TB mathematical models employ various assumptions and approaches in dealing with the heterogeneous infectiousness of persons with active TB. We reviewed existing approaches and considered the relationship between them and existing epidemiological evidence. We searched the following electronic bibliographic databases from inception to 9 October 2018: MEDLINE, EMBASE, Biosis, Global Health and Scopus. Two investigators extracted data using a standardised data extraction tool. We included in the review any transmission dynamic model of M. tuberculosis transmission explicitly simulating heterogeneous infectiousness of person with active TB. We extracted information including: study objective, model structure, number of active TB compartments, factors used to stratify the active TB compartment, relative infectiousness of each active TB compartment and any intervention evaluated in the model. Our search returned 1899 unique references, of which the full text of 454 records were assessed for eligibility, and 99 studies met the inclusion criteria. Of these, 89 used compartmental models implemented with ordinary differential equations, while the most common approach to stratification of the active TB compartment was to incorporate two levels of infectiousness. However, various clinical characteristics were used to stratify the active TB compartments, and models differed as to whether they permitted transition between these states. Thirty-four models stratified the infectious compartment according to sputum smear status or pulmonary involvement, while 18 models stratified based on health care-related factors. Variation in infectiousness associated with drug-resistant M. tuberculosis was the rationale for stratifying active TB in 33 models, with these models consistently assuming that drug-resistant active TB cases were less infectious. Given the evidence of extensive heterogeneity in infectiousness of individuals with active TB, an argument exists for incorporating heterogeneous infectiousness, although this should be considered in light of the objectives of the study and the research question. PROSPERO Registration: CRD42019111936.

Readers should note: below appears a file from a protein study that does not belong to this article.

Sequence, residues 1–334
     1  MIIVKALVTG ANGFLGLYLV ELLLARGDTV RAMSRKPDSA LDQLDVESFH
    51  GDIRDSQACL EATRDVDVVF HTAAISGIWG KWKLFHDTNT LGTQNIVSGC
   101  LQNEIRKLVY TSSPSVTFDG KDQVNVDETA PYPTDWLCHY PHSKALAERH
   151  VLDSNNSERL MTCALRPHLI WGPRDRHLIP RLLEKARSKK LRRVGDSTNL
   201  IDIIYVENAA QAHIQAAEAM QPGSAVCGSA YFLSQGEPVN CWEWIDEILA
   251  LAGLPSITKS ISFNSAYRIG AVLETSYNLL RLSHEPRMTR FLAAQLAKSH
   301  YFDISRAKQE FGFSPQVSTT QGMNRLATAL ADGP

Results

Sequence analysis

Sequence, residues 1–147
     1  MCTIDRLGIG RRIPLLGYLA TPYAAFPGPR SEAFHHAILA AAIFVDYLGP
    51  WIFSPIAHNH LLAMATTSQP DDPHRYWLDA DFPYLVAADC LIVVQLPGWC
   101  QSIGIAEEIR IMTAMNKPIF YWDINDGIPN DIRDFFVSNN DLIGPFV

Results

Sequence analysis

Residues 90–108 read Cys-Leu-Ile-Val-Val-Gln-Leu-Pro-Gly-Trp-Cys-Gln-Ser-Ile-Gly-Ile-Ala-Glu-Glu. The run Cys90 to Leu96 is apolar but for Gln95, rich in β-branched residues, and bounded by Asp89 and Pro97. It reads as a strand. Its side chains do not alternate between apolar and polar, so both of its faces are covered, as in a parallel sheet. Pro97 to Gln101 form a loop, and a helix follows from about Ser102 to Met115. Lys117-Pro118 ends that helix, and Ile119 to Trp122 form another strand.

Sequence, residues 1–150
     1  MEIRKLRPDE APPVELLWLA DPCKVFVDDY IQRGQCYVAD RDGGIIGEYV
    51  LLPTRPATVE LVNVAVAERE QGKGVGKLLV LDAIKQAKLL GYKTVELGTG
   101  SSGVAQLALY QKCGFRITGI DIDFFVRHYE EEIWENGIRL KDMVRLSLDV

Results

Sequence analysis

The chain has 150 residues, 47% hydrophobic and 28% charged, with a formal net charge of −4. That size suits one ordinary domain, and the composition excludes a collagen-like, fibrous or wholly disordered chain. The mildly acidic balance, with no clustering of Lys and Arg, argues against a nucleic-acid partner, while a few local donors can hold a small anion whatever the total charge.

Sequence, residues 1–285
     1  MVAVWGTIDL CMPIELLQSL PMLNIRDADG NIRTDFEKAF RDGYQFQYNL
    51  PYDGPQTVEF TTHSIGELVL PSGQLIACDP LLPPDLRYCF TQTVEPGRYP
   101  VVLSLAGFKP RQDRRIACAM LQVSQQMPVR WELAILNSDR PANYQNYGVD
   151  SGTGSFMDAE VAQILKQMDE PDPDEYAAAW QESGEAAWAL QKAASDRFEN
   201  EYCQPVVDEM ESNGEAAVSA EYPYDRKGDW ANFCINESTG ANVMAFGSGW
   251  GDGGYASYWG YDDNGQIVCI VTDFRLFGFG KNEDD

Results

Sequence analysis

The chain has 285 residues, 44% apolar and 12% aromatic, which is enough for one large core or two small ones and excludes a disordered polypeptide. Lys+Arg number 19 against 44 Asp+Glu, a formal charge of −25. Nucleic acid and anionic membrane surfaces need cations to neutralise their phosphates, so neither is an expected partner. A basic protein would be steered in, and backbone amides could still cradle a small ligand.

Keywords: Heterogeneous infectiousness; Mathematical modelling; Systematic review; Tuberculosis.
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